In 2006, Romita collaborated with writer Neil Gaiman on a seven-issue miniseries reinterpretation of Jack Kirby's characters the Eternals.[5] Romita worked with Greg Pak on the five-issue flagship comic of Marvel's 2007 crossover storyline, World War Hulk.

    In 2008, Romita again returned to The Amazing Spider-Man. He also collaborated once more with Millar, for a creator-owned series, Kick-Ass, published by Marvel's Icon imprint. This was later adapted into the 2010 film Kick-Ass. Romita, one of the producers, directed an animated flashback sequence in the film.[6]

    On April 9, 2011, Romita was one of 62 comics creators who appeared at the IGN stage at the Kapow! convention in London to set two Guinness World Records, the Fastest Production of a Comic Book, and Most Contributors to a Comic Book. With Guinness officials on hand to monitor their progress, writer Millar began work at 9 a.m. scripting a 20-page black-and-white comic book of his character Superior, with Romita and the other artists appearing on stage throughout the day to work on the pencils, inks, and lettering, each drawing a panel.[7][8] The book was completed in 11 hours, 19 minutes, and 38 seconds, and was published through Icon on November 23, 2011, with all royalties being donated to Yorkhill Children's Foundation.[7]

    On May 4, 2012, Romita set out to break his own record for continuous cartooning, to support the charity Candlelighters Childhood Cancer Foundation of Nevada. He attempted to continuously sketch characters and sign comics for 50 hours straight.[9]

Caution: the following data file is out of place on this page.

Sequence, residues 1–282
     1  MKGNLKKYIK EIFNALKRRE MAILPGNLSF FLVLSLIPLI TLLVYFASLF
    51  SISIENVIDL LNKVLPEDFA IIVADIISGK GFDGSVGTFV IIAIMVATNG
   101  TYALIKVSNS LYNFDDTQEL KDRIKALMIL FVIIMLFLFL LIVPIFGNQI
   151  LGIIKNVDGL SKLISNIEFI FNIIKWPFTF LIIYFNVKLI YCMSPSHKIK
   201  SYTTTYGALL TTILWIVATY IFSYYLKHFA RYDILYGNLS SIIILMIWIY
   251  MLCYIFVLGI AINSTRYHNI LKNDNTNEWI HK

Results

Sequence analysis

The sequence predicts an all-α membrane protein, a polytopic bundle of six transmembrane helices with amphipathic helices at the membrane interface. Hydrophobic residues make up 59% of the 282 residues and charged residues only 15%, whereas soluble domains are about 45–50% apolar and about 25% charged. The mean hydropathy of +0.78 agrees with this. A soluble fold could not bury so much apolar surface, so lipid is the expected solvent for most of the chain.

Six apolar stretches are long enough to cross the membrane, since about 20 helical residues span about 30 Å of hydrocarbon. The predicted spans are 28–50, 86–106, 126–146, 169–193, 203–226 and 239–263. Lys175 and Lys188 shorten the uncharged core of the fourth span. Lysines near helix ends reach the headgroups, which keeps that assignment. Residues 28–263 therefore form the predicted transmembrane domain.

Influences and techniques

    Romita's art influences include his father John Romita, Sr.,[2] as well as comics artists Jack Kirby[2] and John Buscema,[2] the Wyeth family of painters,[2] and illustrator Charles Dana Gibson.[2]

    Having illustrated both gritty street-level stories of characters such as Spider-Man and Daredevil and cosmic stories such as those starring Thor, Romita says he prefers the former, because "that is where I grew up. I use the same approach to each of the different story types - the story tells me what to do."[2] He prefers to work in the Marvel Method. He considers The Man Without Fear to be his best work,[4] due to the strong storytelling and the quality of the story.[2]


    Marvel Comics

    Other publishers


    External links

    • Grand Comics Database
    • John Romita Jr. at the Comic Book DB
    • John Romita, Jr. on


    • Newsarama, September 14, 2006
    Preceded by
    Keith Giffen
    Iron Man artist
    Succeeded by
    Jerry Bingham
    Preceded by
    Bob Layton
    Iron Man artist
    Succeeded by
    Alan Kupperberg
    Preceded by
    Keith Pollard
    The Amazing Spider-Man artist
    Succeeded by
    Ron Frenz
    Preceded by
    Dazzler artist
    Succeeded by
    Frank Springer
    Preceded by
    Paul Smith
    Uncanny X-Men artist
    Succeeded by
    Marc Silvestri
    Preceded by
    Rick Leonardi
    Daredevil artist
    Succeeded by
    Lee Weeks
    Preceded by
    Herb Trimpe
    Iron Man artist
    Succeeded by
    Paul Ryan
    Preceded by
    Brandon Peterson
    Uncanny X-Men artist
    Succeeded by
    Joe Madureira
    Preceded by
    Gil Kane
    Spider-Man artist
    Succeeded by
    Preceded by
    John Byrne
    The Amazing Spider-Man artist
    Succeeded by
    Mike Deodato, Jr.
    Preceded by
    Darick Robertson
    Wolverine artist
    Succeeded by
    Kaare Andrews
    Preceded by
    Avengers artist
    Succeeded by
    Chris Bachalo